Canadian Index of Wellbeing (2016)
IssueArts indicators / Well-being
The Canadian Index of Wellbeing (CIW) looks beyond the key national economic indicator (Gross Domestic Product, or GDP) to attempt to measure “those areas of our lives that we care about the most, like education, health, the environment, and the relationships we have with others”. The CIW defines wellbeing as “the presence of the highest possible quality of life in its full breadth of expression focused on but not necessarily exclusive to: good living standards, robust health, a sustainable environment, vital communities, an educated populace, balanced time use, high levels of democratic participation, and access to and participation in leisure and culture”.
The CIW tracks 64 indicators related to eight domains, including “leisure and culture”. The index tracks these indicators back to 1994, and the index was set to 100 in that year. The overall Canadian Index of Wellbeing saw a 9.9% increase between 1994 and 2014, while GDP increased by 38% over this timeframe.
The report notes that leisure and culture contribute to individual and collective well-being, life satisfaction, and quality of life. The leisure and culture portion of the index decreased by 9.3% between 1994 and 2014, although it has recovered slightly from its lowest level in 2011. The environment was the only other domain to see an index decrease (2.9%) between 1994 and 2014.
The health of leisure and culture is estimated using eight indicators, five of which relate to the arts, culture, and heritage. (In comparison, three culture-specific indexes from the U.S. and England, reviewed in this issue of the Arts Research Monitor, include 12, 20, and 81 indicators.) Two key culture-related indicators in the CIW report also include recreation activities: hours spent volunteering for culture and recreation organizations and the percentage of household spending on culture and recreation.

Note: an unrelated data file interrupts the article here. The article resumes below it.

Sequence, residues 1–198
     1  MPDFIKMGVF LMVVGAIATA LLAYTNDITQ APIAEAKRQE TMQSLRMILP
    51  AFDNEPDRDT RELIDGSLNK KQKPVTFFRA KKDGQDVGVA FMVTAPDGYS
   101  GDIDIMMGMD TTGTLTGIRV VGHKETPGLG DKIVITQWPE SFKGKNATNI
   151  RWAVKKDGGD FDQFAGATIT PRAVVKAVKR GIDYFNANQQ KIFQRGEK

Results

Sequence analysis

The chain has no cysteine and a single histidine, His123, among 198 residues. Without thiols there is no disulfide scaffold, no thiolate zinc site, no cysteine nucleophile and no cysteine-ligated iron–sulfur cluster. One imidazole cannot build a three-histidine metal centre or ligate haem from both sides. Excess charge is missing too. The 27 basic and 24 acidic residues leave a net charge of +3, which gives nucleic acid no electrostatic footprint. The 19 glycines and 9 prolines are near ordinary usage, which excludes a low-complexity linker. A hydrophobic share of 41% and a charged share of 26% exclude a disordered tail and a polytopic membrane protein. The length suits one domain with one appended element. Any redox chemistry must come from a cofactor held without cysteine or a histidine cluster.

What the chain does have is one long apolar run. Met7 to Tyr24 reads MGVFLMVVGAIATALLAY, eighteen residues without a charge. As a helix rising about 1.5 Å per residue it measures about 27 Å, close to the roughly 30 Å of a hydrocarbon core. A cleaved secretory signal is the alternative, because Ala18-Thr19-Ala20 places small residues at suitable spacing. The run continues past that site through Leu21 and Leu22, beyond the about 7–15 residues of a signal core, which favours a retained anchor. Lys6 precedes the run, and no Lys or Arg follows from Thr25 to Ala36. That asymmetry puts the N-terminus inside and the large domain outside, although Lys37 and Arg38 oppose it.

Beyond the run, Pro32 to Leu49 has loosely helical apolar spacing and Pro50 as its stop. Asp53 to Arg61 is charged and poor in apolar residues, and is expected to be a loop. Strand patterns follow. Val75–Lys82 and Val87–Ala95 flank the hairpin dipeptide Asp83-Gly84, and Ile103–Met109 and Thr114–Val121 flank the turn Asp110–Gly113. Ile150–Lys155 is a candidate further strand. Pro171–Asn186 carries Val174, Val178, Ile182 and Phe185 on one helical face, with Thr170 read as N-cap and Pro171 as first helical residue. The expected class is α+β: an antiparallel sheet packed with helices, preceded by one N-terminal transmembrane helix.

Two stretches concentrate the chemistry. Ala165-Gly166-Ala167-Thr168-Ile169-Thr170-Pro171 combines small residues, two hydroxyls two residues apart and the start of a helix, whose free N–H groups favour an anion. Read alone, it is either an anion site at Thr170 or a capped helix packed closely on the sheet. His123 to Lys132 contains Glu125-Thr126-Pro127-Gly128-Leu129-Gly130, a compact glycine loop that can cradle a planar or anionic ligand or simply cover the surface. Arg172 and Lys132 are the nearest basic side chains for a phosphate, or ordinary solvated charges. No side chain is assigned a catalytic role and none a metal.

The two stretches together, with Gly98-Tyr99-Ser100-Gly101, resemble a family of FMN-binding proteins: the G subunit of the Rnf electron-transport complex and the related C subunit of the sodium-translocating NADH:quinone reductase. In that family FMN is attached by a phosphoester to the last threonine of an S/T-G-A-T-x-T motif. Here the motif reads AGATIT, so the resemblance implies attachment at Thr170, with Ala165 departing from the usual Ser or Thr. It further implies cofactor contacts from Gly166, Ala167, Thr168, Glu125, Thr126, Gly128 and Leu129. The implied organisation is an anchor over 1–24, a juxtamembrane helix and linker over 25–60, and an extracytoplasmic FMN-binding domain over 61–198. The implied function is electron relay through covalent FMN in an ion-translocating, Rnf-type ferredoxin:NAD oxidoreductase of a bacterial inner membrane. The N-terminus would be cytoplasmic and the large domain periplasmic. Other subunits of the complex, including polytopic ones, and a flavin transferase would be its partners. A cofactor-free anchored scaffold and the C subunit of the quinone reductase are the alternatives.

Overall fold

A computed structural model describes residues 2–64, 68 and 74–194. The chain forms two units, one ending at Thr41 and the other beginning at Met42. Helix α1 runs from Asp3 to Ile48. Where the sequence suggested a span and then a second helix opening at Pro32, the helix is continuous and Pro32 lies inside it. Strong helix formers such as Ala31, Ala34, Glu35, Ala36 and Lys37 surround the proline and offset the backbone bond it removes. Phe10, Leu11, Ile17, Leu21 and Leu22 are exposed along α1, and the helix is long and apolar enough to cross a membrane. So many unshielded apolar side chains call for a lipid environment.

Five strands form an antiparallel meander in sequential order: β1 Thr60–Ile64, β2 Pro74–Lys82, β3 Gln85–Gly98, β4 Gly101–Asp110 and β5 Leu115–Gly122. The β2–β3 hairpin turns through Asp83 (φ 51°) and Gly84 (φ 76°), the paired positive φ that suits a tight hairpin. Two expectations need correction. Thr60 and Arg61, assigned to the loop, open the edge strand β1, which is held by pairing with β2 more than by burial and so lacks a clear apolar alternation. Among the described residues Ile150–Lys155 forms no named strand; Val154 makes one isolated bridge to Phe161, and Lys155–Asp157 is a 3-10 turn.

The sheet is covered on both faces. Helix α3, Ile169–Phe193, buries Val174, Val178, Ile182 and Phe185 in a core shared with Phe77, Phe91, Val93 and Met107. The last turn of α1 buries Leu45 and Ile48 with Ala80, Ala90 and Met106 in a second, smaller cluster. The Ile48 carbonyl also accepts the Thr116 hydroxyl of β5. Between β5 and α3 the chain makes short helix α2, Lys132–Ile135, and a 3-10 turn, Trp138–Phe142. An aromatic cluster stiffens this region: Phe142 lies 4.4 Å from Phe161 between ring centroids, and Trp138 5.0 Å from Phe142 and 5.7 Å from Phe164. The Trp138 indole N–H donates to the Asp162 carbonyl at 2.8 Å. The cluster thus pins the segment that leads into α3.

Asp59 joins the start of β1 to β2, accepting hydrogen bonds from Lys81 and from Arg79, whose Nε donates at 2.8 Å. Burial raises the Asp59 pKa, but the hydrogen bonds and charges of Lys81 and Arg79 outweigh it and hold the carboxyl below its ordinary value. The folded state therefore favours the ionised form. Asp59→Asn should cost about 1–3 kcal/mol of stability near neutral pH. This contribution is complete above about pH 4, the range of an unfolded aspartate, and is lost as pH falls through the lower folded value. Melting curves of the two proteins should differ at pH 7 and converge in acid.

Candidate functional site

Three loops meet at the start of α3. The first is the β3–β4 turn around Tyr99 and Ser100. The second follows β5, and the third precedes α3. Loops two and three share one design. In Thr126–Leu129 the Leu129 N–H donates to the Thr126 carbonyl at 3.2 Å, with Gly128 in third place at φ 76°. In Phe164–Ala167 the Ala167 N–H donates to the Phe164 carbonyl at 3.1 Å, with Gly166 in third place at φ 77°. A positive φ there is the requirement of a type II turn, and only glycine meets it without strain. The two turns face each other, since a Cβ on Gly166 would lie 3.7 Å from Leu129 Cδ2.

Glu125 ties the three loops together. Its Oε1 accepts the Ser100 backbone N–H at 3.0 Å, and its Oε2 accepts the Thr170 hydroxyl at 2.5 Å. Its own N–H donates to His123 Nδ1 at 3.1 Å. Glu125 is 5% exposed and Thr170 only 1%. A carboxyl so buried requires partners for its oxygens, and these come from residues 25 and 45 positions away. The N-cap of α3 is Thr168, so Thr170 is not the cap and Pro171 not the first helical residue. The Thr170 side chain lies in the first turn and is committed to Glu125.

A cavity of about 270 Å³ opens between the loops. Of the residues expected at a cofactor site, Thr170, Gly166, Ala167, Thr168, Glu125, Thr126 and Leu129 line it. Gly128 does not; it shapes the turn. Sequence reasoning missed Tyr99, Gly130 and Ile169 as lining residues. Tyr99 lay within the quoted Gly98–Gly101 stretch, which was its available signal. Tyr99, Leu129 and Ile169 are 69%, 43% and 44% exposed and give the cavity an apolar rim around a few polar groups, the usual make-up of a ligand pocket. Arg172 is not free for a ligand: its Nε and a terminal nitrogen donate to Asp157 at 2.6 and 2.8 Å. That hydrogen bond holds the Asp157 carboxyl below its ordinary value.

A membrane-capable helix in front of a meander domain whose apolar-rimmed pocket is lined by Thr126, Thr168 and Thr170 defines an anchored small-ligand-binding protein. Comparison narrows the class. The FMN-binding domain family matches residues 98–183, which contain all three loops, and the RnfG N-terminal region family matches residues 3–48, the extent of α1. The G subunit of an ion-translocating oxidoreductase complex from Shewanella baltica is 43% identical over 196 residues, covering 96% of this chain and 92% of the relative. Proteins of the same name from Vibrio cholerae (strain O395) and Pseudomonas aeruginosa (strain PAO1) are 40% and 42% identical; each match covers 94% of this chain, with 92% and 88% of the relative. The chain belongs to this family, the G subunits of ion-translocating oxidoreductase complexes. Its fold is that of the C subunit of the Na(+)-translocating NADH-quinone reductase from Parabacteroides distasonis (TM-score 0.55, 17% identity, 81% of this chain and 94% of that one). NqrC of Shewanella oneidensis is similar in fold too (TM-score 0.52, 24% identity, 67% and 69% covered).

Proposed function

The report indicates that “Canadians are spending substantially less of their incomes on culture and recreation, down 15.1% from 1994 levels, the bulk of which has occurred in the years since the recession” (2008/09). It should be noted, however, that Hill Strategies Research has not compared recent statistics on household spending on culture with data from 2009 or earlier, due to significant methodological changes in Statistics Canada’s household spending survey in 2010. It does not appear that CIW researchers accounted for this change in survey methodology.
Other culture-related indicators with a decrease between 1994 and 2014 include time spent on arts and culture activities and average number of hours spent volunteering for culture and recreation organizations. Two other culture-related indicators saw recent increases after previously declining: average attendance per performance at performing arts events and visits to national parks and historic sites.
The report argues that “leisure should be regarded not just as a basic human right, but should be considered a public good”. In this regard, the report urges governments to ensure “universal access to leisure and culture”.